The team events began with an appropriate team spirit challenge. Each team was asked to put together a visual representation of their team spirit. Some teams went with a fear-based approach, hoping to rattle their competitors, while others utilized their children to tug on the heartstrings.
The pentathlon event was a long-running event. This was a test of strength, agility, and endurance which asked each participant to submit individual scores for a number of physical activities. Each team member was asked to perform the following exercises:
– Running (the distance (miles) covered in 10 mins)
– Sit-ups (the amount performed within 2 mins)
– Pushups (the amount performed within 2 mins)
– Dips (the amount performed within 2 mins)
– Air Squats (the amount performed within 2 mins)
Participants added their results via a Google Form that could be submitted multiple times to allow members to put forth their best effort. To receive participation points, each team member had to complete at least four out of the five exercises and the lowest score for each team was dropped before the points for each exercise were aggregated together to achieve a final score.
The digital marathon ran in tandem with the pentathlon and was a team-based digital Capture the Flag-style event. Just like a real marathon, there were 26.2 challenges that had to be solved to gain points. Participants had to follow the clues and learn new Open Source Intelligence (OSINT) techniques to solve the puzzles. Submission points were earned for participation in this challenge, so teams had to work together to ensure all team members had a chance to answer some questions to earn maximum points.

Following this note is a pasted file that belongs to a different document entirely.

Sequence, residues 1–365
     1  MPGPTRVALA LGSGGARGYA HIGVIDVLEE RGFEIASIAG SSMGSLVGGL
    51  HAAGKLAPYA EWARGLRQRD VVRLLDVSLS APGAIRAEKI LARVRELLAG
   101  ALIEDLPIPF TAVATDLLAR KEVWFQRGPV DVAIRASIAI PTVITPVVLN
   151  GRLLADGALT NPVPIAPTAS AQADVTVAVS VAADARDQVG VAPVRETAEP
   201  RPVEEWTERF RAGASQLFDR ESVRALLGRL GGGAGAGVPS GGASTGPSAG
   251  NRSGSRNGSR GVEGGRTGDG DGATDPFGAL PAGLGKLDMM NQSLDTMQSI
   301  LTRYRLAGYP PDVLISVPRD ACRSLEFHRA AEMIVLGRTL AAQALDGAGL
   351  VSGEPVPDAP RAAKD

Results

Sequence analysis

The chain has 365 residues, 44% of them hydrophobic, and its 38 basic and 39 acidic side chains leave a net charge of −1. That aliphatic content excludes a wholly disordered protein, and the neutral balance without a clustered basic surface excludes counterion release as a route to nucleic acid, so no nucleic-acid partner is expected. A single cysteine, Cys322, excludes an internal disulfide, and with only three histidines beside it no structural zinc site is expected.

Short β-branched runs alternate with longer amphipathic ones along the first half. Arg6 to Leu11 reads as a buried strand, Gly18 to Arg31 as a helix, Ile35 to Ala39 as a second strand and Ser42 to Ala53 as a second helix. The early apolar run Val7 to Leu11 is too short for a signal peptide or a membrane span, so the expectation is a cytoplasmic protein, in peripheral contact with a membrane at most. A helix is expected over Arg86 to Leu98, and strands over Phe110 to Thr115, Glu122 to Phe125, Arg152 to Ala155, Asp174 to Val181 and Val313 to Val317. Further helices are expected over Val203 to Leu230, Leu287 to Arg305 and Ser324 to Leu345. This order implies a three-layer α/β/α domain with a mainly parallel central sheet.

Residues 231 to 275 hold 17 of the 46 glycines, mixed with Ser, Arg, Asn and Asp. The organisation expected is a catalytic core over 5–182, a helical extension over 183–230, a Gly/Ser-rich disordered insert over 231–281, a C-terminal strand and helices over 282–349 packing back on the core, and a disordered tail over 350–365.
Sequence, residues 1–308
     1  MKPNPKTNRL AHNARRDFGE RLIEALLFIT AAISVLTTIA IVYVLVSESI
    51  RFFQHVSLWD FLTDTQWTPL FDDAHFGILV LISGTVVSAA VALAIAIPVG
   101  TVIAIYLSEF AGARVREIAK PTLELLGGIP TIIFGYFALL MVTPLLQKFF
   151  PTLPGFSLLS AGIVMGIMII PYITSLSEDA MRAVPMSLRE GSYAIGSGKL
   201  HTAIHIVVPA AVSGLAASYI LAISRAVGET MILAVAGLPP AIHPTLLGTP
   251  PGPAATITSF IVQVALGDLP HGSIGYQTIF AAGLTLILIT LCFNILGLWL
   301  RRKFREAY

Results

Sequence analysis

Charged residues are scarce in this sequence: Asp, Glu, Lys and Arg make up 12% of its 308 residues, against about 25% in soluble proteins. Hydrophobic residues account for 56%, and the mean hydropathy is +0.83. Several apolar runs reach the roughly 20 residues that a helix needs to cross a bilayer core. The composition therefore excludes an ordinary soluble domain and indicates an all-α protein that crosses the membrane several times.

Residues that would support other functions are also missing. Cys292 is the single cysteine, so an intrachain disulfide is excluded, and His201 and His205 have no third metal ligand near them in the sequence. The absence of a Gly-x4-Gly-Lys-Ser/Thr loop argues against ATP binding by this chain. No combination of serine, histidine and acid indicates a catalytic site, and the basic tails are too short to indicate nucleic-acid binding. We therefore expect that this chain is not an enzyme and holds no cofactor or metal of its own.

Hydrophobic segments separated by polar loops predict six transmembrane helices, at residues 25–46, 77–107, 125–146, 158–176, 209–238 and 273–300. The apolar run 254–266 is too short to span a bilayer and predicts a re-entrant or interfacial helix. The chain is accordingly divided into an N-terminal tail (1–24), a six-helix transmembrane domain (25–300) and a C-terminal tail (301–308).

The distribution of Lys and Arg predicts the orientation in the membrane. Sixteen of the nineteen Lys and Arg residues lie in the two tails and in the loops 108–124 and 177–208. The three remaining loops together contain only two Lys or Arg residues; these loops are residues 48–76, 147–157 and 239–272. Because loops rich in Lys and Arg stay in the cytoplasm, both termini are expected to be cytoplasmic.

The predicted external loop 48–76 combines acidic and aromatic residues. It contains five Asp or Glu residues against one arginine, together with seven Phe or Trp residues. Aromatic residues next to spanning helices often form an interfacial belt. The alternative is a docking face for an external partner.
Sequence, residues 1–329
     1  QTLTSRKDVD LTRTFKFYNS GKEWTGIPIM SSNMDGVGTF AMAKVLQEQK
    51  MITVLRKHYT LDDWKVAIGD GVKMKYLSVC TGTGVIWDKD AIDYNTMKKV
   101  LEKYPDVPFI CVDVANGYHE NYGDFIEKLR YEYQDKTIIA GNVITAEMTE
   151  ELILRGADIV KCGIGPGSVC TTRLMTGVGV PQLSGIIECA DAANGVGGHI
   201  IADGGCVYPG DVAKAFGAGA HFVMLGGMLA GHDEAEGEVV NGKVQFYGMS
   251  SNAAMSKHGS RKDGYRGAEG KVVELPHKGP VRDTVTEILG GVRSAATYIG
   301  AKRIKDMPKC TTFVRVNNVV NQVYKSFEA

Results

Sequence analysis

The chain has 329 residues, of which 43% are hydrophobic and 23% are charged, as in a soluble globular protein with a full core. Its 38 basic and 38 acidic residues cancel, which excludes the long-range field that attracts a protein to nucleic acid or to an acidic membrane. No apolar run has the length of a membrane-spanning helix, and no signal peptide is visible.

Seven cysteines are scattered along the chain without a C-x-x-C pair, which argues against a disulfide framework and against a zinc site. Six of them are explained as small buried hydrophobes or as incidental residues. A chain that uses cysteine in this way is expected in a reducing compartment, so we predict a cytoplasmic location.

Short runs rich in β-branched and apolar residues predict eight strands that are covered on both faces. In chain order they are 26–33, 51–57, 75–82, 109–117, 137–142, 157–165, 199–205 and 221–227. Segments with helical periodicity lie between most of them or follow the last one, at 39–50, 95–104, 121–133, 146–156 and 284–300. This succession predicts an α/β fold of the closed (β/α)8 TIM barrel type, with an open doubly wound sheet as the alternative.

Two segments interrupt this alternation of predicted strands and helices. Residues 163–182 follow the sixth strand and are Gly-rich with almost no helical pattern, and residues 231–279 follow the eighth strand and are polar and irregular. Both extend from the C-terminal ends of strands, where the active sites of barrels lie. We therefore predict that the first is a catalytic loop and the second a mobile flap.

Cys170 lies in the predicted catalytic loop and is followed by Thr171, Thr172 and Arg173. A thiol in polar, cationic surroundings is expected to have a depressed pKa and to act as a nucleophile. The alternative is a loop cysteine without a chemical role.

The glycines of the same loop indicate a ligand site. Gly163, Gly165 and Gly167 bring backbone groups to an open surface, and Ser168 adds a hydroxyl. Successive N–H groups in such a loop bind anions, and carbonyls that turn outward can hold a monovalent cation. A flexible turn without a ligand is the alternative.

The digital marathon was also opened to the public for participation and received submissions from 352 users around the world. Check out a post at Maveris Labs that explains the Digital Marathon. Want to test your OSINT skills, the public CTF is still available at olympics.maveris.com.
RHYTHMIC GYMNASTICS AKA DANCE ROUTINE
The final, and perhaps most anticipated event of the Maveris Olympics, was the all-important dance routine. Teams were asked to submit a video of their members dancing or otherwise creatively interpreting this event. Many teams incorporated Olympic themes into their videos in the hopes of securing the final gold medal.
At the end of the two weeks, the Maveris Olympics officially wrapped up with a virtual lunch/closing ceremony where the scores for the pentathlon and digital marathon were revealed before the final gold, silver, and bronze medalist teams were announced. Participants relived the highlights of the games and congratulated each other on an Olympics well done.
The design of the Maveris Olympics ensured that all employees could take part and contribute, and a great time was had by all. With the games complete, the Party Planning Committee (and Allen) sought companywide feedback to gauge the collective experience of employees.
With another virtual event in the books, it’s safe to say that the Maveris Olympics were a wild success and hopefully an indicator of what’s to come in the future.